The case was submitted on briefs.
Beth S. Herr for Virginia LaLonde.
Peter C. DiGangi for Stephen LaLonde.
Carmen A. Frattaroli for George P. Lordan, Jr.
Presented by two of the defendants with motions to dismiss and motions for summary judgment, a Superior Court judge sensibly determined, on his own motion, to stay all proceedings in the Superior Court, pending determination of a bitter and highly publicized custody dispute in the Probate Court. It was, at the time of the order for a stay, highly likely that the parties would reconsider their positions in the light of the outcome of the Probate Court proceeding. To that main event the Superior Court case was an ancillary one at which Virginia LaLonde had brought an action alleging intentional tort (sexual abuse of the child) against her former husband and actions of negligence against various professionals (psychologists and lawyers) who had come to a different conclusion about whether an instance of sexual abuse had occurred.
The first and, as things fall out, the only question we have to consider is whether an appeal may be brought from a stay of trial court proceedings. We have no difficulty in concluding that an appeal does not lie. An order for a stay of judicial proceedings is not a final judgment nor its functional equivalent. The very purpose of a stay order is to place the case on ice and, thus, not come to the stage of final judgment. It is settled to the level of dogma that, subject to a few specific recognized exceptions, appellate review may proceed only from a final judgment. G. L. c. 231, Section 113. Giacobbe v. First Coolidge Corp., 367 Mass. 309 , 312-313 (1975). Pollack v. Kelly, 372 Mass. 469 , 470-472 (1977). National Assn. of Govt. Employees, Inc. v. Central Bdcstg. Corp., 379 Mass. 220 , 222 n.2 (1979), cert. denied, 446 U.S. 935 (1980). Koonce v. Aldo Realty Trust, 8 Mass. App. Ct. 199 (1979). One of the recognized exceptions to the general rule foreclosing appeals from interlocutory orders is the right to appeal from an order staying arbitration. That right to an interlocutory appeal, however, is expressly authorized by statute, G. L. c. 150C, Section 16, and G. L. c. 251, Section 18. School Comm. of Agawam v. Agawam Educ. Assn., 371 Mass. 845 , 846-847 (1977). Fuller v. Nelson J. Sanford & Sons, Inc., 5 Mass. App. Ct. 802 (1977). Old Rochester Regional Teacher's Club v. Old Rochester Regional Sch. Dist., 18 Mass. App. Ct. 117 , 118 (1984). The very fact that it was necessary expressly to authorize by statute appeals from an order staying arbitration illuminates that stay orders generally fall into the broad category of interlocutory orders which are not reviewable until the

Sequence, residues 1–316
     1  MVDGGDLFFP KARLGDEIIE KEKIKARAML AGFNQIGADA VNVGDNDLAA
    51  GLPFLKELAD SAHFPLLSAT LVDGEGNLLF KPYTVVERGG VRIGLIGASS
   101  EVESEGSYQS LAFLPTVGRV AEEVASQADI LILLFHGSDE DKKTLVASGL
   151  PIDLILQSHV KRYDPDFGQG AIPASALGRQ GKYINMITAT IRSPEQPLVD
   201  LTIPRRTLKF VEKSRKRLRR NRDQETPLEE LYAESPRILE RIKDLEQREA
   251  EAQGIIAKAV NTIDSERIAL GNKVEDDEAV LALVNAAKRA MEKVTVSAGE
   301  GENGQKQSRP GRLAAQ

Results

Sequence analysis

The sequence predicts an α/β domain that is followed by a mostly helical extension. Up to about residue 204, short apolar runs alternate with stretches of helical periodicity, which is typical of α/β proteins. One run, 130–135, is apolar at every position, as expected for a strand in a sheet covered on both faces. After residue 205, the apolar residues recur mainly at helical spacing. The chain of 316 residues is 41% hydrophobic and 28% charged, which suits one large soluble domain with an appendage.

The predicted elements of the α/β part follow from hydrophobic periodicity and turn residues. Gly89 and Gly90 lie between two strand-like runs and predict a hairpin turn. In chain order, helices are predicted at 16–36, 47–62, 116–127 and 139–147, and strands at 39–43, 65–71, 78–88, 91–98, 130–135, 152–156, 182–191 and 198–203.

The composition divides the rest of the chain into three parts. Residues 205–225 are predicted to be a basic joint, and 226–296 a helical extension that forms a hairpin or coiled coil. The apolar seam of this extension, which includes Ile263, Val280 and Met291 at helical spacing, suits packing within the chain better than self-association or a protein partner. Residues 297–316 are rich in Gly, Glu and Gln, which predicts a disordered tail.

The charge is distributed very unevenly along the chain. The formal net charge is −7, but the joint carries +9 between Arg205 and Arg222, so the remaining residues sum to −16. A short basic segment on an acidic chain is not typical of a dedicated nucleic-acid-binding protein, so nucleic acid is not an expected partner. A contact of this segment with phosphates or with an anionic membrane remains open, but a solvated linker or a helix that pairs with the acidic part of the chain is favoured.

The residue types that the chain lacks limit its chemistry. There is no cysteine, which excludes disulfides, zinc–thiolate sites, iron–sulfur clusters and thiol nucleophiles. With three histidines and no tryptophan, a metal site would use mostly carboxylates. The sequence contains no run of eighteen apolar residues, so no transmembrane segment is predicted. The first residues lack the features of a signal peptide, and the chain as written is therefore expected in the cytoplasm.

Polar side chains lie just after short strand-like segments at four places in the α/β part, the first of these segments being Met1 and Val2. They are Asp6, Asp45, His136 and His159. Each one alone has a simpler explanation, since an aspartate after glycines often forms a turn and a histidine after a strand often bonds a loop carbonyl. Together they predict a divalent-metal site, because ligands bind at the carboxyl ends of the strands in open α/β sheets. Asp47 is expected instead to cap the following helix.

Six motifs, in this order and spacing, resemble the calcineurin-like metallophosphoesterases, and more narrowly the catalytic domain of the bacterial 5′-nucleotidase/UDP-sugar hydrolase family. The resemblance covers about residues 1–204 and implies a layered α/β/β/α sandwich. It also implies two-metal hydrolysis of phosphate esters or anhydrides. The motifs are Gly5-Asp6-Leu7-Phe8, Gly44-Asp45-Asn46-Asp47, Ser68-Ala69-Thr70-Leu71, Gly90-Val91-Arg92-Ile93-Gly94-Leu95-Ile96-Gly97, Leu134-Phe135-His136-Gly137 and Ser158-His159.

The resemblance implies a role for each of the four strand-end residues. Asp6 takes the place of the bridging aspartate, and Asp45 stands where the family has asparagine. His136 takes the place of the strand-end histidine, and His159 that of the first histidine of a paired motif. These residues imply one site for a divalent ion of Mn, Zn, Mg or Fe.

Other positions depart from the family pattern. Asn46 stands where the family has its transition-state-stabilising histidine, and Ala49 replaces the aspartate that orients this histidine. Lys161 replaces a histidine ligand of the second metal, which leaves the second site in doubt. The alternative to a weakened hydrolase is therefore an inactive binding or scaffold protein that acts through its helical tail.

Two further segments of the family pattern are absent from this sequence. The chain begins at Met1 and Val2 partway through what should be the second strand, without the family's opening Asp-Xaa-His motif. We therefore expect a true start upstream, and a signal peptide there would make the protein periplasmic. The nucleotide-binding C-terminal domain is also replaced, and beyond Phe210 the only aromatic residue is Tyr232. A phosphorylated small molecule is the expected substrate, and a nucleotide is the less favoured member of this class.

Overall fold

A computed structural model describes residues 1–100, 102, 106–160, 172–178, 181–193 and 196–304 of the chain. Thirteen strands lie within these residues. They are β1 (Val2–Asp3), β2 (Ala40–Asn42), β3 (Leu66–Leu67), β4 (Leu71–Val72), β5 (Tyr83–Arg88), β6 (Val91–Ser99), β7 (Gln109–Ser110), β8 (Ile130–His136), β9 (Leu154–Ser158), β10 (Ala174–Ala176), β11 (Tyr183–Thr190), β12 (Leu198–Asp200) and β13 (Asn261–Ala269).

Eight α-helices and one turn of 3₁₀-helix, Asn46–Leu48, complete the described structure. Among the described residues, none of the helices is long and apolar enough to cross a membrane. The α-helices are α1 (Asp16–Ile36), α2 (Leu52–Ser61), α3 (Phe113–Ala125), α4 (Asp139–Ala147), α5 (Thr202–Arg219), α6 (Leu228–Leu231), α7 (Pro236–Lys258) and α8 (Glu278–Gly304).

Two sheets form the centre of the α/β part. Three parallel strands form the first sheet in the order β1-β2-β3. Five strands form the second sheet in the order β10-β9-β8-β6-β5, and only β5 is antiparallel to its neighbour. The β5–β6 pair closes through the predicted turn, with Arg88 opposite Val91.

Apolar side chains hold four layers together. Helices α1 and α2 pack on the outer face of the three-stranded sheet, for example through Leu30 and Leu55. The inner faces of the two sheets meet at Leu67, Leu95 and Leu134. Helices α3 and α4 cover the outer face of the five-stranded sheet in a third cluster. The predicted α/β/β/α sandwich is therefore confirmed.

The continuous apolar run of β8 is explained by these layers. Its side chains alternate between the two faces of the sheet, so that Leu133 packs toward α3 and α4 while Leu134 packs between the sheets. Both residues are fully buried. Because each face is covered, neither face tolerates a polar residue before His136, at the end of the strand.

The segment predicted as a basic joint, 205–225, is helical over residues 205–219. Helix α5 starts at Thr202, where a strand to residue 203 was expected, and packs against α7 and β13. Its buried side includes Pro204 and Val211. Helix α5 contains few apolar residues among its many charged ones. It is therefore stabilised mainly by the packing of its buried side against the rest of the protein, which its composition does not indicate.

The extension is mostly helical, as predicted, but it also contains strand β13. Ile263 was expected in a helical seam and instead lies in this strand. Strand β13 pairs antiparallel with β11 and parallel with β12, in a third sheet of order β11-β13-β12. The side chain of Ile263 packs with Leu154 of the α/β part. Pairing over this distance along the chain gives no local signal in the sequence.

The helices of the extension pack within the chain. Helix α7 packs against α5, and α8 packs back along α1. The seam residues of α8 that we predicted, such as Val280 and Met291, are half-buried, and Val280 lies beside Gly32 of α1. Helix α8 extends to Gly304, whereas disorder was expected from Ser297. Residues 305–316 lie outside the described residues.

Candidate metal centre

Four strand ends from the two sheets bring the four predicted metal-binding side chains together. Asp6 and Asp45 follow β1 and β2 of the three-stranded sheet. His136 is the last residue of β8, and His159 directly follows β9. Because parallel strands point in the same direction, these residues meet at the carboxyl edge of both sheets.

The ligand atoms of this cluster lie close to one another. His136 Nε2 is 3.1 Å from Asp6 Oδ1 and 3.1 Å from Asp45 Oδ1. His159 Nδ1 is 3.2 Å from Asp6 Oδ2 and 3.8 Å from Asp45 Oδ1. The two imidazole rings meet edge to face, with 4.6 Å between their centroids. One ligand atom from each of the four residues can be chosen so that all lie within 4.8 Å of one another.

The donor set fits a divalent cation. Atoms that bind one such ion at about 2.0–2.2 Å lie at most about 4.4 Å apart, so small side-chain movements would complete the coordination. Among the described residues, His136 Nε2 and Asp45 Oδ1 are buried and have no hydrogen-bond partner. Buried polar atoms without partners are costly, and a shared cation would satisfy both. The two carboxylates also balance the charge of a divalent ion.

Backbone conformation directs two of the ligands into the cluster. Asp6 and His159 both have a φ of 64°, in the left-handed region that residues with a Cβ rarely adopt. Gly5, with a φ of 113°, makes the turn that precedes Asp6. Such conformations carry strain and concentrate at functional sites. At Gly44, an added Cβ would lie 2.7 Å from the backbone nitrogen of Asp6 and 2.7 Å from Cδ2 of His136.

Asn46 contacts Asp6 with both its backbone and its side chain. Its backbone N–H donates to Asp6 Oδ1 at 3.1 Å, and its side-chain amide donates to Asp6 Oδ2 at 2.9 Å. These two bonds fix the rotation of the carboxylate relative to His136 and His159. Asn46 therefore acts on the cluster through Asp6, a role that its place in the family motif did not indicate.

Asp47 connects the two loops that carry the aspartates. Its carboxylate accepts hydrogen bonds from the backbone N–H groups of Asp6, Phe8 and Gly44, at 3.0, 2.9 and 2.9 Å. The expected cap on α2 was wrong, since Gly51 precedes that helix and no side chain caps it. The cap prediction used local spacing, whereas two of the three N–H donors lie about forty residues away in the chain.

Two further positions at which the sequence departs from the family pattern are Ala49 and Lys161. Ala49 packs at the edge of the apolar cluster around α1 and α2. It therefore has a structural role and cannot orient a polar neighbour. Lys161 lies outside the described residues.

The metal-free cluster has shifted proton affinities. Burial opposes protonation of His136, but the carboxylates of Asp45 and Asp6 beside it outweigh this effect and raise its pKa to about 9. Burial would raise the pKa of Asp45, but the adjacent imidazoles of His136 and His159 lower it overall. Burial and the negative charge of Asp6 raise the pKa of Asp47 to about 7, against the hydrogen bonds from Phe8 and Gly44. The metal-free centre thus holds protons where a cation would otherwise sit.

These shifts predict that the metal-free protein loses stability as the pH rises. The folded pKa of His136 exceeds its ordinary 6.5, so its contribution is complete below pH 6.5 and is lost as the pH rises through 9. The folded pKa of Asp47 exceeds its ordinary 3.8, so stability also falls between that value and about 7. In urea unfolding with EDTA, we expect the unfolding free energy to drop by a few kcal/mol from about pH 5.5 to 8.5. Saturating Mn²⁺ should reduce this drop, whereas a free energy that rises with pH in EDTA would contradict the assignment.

case has gone to final judgment. So, by way of highly illustrative example, the reverse of an order staying arbitration, an order which stays judicial proceedings and orders arbitration, is not appealable. J & G Constr. Co. v. Joseph E. Bennett Co., 16 Mass. App. Ct. 629 , 630 (1983).
That orders staying judicial proceedings may not be appealed to a full panel does not mean that a party which considers a stay order arbitrary, capricious, and outcome determinative is entirely without an avenue of relief. Review of an interlocutory order may be sought before a single justice of an appellate court under G. L. c. 231, Section 118, first par. We do not intimate there was any basis for such relief in the instant case; far from it. Since the inception of this appeal the Probate Court case has been determined. In light of that decision we assume that the plaintiff will, indeed, wish to reconsider pressing the instant case.
[Note 1] Individually and as the parent and next friend of her daughter Nicole.
[Note 2] Anita Mehlman, Barry Elkin, George P. Lordan, Jr., and Frances Goldfield.